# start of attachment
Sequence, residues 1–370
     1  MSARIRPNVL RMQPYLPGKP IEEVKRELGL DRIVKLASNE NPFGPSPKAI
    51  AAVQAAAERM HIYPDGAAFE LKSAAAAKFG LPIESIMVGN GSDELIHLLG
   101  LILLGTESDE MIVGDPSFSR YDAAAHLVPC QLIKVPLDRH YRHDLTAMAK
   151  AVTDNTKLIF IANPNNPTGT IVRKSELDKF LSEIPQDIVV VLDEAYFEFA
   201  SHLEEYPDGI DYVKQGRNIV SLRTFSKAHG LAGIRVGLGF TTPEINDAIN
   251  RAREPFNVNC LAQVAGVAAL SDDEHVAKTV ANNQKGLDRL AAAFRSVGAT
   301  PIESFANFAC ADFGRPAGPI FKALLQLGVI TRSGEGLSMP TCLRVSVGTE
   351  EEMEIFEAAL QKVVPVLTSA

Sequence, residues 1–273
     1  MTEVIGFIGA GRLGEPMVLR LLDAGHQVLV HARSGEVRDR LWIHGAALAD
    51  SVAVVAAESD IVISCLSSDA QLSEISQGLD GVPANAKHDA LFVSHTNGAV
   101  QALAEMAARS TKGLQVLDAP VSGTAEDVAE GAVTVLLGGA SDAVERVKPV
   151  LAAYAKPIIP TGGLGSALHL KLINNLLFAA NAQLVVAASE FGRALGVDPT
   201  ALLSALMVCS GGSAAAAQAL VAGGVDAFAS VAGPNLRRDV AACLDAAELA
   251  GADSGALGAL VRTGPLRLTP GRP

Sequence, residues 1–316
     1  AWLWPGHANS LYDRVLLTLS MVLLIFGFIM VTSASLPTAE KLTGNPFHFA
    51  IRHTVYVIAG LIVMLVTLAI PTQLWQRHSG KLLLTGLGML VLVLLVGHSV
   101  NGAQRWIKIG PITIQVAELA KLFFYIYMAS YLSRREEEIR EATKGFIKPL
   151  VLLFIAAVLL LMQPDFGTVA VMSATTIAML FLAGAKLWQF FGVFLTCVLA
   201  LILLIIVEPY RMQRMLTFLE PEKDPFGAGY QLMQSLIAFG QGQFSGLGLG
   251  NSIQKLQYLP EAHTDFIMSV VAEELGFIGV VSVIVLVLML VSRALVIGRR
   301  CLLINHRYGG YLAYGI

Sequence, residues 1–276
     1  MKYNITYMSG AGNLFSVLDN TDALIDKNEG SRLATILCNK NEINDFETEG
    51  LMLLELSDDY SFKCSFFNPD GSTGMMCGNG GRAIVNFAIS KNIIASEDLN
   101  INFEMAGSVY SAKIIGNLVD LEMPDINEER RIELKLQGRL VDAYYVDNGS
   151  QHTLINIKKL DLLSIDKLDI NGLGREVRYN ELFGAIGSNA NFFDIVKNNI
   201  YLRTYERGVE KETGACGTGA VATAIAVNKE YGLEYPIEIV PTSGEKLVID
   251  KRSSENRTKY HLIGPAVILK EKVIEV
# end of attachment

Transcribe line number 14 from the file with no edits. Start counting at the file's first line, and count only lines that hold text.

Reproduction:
   151  LAAYAKPIIP TGGLGSALHL KLINNLLFAA NAQLVVAASE FGRALGVDPT